I'm a trainee journalist living in London. A personal blog is forthcoming.
Chekhov it out
On Camden Park Road there is a little pub called The Lord Stanley, which you will be visiting soon.
Chekhov's Uncle Vanya by Theatre Collection. Image from theatrecollection.net
Like many pubs in the artistic bohemia that is the Camden/Islington area, The Lord Stanley has a theatre upstairs, accommodating pop up productions from various theatre groups, writers, directors and actors on a regular basis. Currently residing in its cosy interior is a production of Chekhov's Uncle Vanya, put together by The Theatre Collection theatre company.
An intimate play for an intimate setting, Uncle Vanya follows the events of a struggling family as they each bemoan the meaningless existence they endure daily.
Family Conflict. Image offered up from Theatre Collection's Facebook page
Vanya (portrayed in this production by Matthew Eades) has spent the best part of his life running the rural estate his brother-in-law, a retired Professor (Lucien Morgan) once respected for his great works, inherited from his first wife; Vanya's deceased sister. Despite Vanya's seemingly endless toil, the estate can no longer support the Professor's cultured urban lifestyle and so he and his new wife Yeléna (Flaviana Cruz) have returned to the provincial manor for the foreseeable future. Due to the Professor's ill health, Mikhail Lvovich Astrov (Trevor Murphy), a local doctor and family friend, is also a frequent visitor, much to the delight of the Professor's daughter from his first marriage, Sonya (Emma Whittaker), a down-to-earth girl who helps Vanya to manage the property.
As can be expected from a long-term gathering of extended family, conflicts soon reach a climax as Vanya and Astrov both fall for the captivating Yeléna, whose selfish idleness is infectious throughout the household, Sonya realises that she is plain (although Emma Whittaker is not, so it may be more of a state of mind for this production), which she feels takes away her entitlement to be loved, and the Professor threatens to sell the estate so that he can afford to return to his real life in the city, which will reduce Vanya and Sonya's life-long efforts to nothing and leave them penniless.
Chekhov's Gun. Image offered up from Theatre Collection's Facebook page
While the content may seem quite melancholy, the experience of this play is an uplifting one, as Chekhov's tragi-comic expression of endurance, wasted time, diminished expectations, the search for happiness and meaning in this life, and the ultimate hell of being responsible for your family – and in their company for months on end no less – is brought to life by Victor Sobchak's thoughtful direction and a fantastically talented cast.
Due to the nature of smaller productions, with limited set, lighting and costume options available, the challenge of transporting the audience to the world of the writer's vision is greater than in larger shows, where they might find some respite behind bright lights and the silhouetted faces of a full auditorium. It would take me forever to commend this cast individually as each member brought something identifiably touching to their role, ensuring the audience's greatest struggle; deciding who to root for when the characters are all so recognisable within ourselves.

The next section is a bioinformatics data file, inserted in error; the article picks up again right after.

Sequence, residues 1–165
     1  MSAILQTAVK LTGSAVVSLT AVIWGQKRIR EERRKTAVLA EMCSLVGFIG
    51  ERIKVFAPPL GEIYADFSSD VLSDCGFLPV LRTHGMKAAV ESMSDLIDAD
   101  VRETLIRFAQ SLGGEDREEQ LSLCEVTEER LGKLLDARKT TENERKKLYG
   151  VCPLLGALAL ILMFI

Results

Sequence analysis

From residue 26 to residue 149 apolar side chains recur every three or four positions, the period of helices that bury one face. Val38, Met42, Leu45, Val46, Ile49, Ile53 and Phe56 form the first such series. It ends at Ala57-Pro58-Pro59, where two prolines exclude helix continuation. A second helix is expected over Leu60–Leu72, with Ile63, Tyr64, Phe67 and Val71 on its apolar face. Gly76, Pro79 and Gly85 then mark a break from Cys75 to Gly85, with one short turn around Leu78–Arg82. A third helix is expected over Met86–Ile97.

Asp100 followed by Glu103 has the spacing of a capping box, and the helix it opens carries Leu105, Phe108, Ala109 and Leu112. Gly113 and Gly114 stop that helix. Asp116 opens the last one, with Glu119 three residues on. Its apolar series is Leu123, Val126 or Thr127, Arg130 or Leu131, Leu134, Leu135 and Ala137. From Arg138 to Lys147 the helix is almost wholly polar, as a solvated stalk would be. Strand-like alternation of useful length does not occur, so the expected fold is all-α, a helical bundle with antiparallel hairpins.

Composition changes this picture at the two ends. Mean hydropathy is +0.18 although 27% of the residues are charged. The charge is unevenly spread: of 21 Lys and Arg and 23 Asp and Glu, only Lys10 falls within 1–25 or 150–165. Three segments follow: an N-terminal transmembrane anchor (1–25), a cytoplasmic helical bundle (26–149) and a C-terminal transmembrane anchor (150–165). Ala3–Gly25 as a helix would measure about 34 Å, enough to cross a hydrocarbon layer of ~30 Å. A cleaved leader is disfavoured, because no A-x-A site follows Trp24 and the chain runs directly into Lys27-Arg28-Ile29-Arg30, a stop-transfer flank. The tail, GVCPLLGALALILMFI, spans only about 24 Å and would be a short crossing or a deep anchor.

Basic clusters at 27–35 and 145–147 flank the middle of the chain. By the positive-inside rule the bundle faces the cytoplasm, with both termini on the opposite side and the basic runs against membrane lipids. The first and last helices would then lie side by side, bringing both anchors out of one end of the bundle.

I will say that I found Matthew Eades' Vanya heartbreakingly funny, particularly leading up to the climax of the show, and must give a hand to Lee Clotworthy (who plays the hopelessly hopeful Telegin) for learning to sing in Russian and play the guitar in the three weeks the cast had to rehearse.
Music plays a large part in the atmosphere of the play, sometimes even through its absence, and I found the guitar added significant mood and tension in the first act. Uncle Vanya translates well to English, with no obscure cultural clashes, so Sobchak's decision to utilise Russian music throughout gave the play an authentic feel that may have otherwise been lost.
The simplicity of the set, laid out to resemble a drawing room on the estate with two entry points, both stage right, did allow a sharp focus on Chekhov's words and was enhanced by some creative lighting that (although it was sometimes slow to react) effectively showed the passing of time and therefore the lengthy confinement to the situation that the characters faced together.
This is the first of Chekhov's works that I've come into contact with but it really spoke to me, with themes that capture the heart and imagination with all their tragic honesty. No stranger to hardship and endurance, his writing is full of prominent pain and struggle, which is easily accessible through juxtaposed humour and dialogue that is capable of outlining the dark truths of the world in a single statement. The wonderful Trevor Murphy, who plays the desperately philosophical Dr. Astrov told me after the show that Chekhov's plays are so good he would travel far and wide to have the chance to be in one.
As Trevor and the other actors are willing to cart their talent round the country to bring us the very best of theatre history I think we owe it to them to check out what all their hard work has achieved. Uncle Vanya will be playing at The Lord Stanley until Sunday 9th June (my birthday!). You can buy your tickets online here or by texting 07966597190.
The pub itself is a pleasant place to spend an evening, with plenty of outside seating - including a "secret" beer garden - and reasonably priced drinks. Just a short walk from Kentish Town, Camden Town and Camden Road stations, it's easily accessible and has great staff and atmosphere.